When discussing ransomware – which, for good reason, has emerged as Topic A for cybersecurity – we should take a closer look at what happens during a typical incident. A ransomware attack starts when an adversary enters an organization’s cyber ecosystem, encrypts systems and data, and demands payment for decryption.
If the organization still refuses payment, the adversary may launch a denial-of-service (DoS) attack to bring down critical systems. In some cases, attackers may threaten to modify key files such as payroll documents or files containing essential source code.
All of which means we should be calling ransomware what it is – extortion. While the term “ransomware” implies that it’s all about weaponized technology, what we’re really dealing with is the criminal, malicious intention behind the weaponized technology.
To get a better sense of the frequency and impact of ransomware, CBI and Ponemon Institute recently released a research report, “The Cost & Consequences of Ransomware for Small to Large-Sized Enterprises,” for which 659 IT security professionals were surveyed. Following are some of the more revealing findings:
Clearly, organizations must take a proactive stance in responding to these developments. Relying on cyber insurance is not enough – two out of five companies are seeing decreases in ransomware coverage while still paying more than $17,000 annually in average premiums. Companies should also implement industry best practices into their ransomware detection/prevention/mitigation strategies:
As defenders, we know the general approaches – the tactics, techniques and procedures (TTPs) – of these criminals. They usually gain entry via phishing or insecure web applications. Once inside the network, attackers move laterally using relatively common techniques in search of valuable targets, all the while escalating privileges to increase their capacity to harm. With an understanding of the established, proven anatomies of the adversaries’ TTPs, companies can better align their detection, alerting and prevention tools and procedures.
In addition to anatomy-based tools and procedures, organizations need a ransomware playbook that addresses how the organization will respond to everything from data leakage and DoS attacks to compromised systems integrity. A playbook should include legal and compliance considerations, as well as policies and procedures for third-party security assessments and employee training.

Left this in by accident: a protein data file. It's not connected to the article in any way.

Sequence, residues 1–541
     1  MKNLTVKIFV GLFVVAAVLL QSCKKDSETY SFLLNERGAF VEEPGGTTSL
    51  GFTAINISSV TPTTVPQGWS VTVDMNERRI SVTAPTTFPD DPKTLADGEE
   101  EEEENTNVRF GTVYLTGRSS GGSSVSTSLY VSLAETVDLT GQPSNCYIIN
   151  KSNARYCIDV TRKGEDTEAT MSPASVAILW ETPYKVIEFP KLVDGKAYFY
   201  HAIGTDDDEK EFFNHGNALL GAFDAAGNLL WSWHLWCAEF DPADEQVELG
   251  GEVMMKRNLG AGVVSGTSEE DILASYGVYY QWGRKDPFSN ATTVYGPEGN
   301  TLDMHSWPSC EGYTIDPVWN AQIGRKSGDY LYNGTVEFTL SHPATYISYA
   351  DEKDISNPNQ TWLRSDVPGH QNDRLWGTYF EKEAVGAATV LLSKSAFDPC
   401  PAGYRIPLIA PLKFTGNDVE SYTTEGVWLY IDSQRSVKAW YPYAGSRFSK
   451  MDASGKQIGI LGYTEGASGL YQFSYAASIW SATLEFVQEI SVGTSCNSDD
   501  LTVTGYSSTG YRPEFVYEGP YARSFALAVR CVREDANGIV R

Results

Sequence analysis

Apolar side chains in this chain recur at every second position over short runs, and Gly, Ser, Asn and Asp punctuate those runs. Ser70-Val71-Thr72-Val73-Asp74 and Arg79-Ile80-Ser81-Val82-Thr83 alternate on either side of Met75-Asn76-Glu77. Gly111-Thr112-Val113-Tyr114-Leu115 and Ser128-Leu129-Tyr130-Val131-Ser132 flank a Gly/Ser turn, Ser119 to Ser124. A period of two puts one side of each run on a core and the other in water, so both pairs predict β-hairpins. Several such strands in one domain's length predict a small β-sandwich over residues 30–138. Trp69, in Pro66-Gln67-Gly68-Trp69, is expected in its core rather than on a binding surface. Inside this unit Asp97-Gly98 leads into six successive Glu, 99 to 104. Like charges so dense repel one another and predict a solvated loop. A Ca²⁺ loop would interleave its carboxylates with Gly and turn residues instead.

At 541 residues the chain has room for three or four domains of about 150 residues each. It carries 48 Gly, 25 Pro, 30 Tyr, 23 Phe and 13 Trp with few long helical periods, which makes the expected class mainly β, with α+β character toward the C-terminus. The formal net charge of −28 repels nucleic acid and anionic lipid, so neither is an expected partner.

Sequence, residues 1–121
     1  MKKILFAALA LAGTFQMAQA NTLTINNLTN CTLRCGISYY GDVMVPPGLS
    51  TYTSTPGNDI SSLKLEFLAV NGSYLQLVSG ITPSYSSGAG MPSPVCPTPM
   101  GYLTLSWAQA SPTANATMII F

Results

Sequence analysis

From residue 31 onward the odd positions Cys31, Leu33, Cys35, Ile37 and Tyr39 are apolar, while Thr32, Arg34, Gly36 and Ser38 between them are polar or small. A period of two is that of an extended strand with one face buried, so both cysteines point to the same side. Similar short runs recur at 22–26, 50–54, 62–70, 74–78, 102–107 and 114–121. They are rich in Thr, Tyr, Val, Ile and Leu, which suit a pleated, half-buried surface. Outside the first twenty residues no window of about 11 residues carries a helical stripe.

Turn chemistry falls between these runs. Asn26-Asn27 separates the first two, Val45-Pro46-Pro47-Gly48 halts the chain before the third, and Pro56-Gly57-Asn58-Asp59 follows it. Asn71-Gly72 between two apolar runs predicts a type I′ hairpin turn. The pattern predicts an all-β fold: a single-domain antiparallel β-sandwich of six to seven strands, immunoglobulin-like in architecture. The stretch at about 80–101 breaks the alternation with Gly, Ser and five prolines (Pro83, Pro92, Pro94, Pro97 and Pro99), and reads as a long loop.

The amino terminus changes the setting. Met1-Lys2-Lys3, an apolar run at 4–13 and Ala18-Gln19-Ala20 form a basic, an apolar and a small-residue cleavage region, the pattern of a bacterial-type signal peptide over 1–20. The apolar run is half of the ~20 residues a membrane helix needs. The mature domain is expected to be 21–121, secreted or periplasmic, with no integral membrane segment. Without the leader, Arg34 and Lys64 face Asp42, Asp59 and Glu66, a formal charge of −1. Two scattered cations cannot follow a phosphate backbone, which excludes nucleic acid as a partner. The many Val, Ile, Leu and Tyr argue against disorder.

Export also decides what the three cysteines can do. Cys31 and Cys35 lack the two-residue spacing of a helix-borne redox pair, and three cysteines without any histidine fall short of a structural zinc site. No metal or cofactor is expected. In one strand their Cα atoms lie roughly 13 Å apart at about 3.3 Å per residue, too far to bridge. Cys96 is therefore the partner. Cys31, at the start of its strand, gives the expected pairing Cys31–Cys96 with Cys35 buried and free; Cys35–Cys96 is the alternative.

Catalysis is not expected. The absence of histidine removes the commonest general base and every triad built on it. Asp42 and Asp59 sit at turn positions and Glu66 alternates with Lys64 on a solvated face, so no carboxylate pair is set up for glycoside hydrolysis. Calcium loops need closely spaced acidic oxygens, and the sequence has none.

While backing up data is a highly recommended practice, it’s no longer enough as a mitigation strategy – backups won’t stop hackers from leaking sensitive files or going after critical business dependencies such as microservices and software as a service (SaaS) integrations. Given this reality, security teams should strive to gain comprehensive visibility over all digital assets that are likely targets, putting them in a much better position to protect those assets.
Once compromised, companies often make the mistake of immediately deciding whether to pay the ransom or not, without considering the possible consequences of each path. Most are inexperienced in ransomware negotiations, where saying the wrong thing can result in attackers increasing the ransom demand. What’s more, a sense of panic can result in bad decisions. Involving third-party experts who specialize in ransomware incident response will ensure incidents are dealt with in a measured, strategic way. Seven of ten companies, in fact, are hiring third-party experts to remediate ransomware incidents, up from 59 percent in 2017.
All in all, ransomware is a modern form of extortion, an offense perhaps as old as humanity. Today, cybercriminals use ransomware to forcefully extract huge payouts from organizations – but the good news is, companies don’t have to be defenseless. Armed with the right knowledge, preparation, tooling and third-party expertise, companies can get ahead of adversaries before they strike – to minimize if not eliminate their capacity for damage.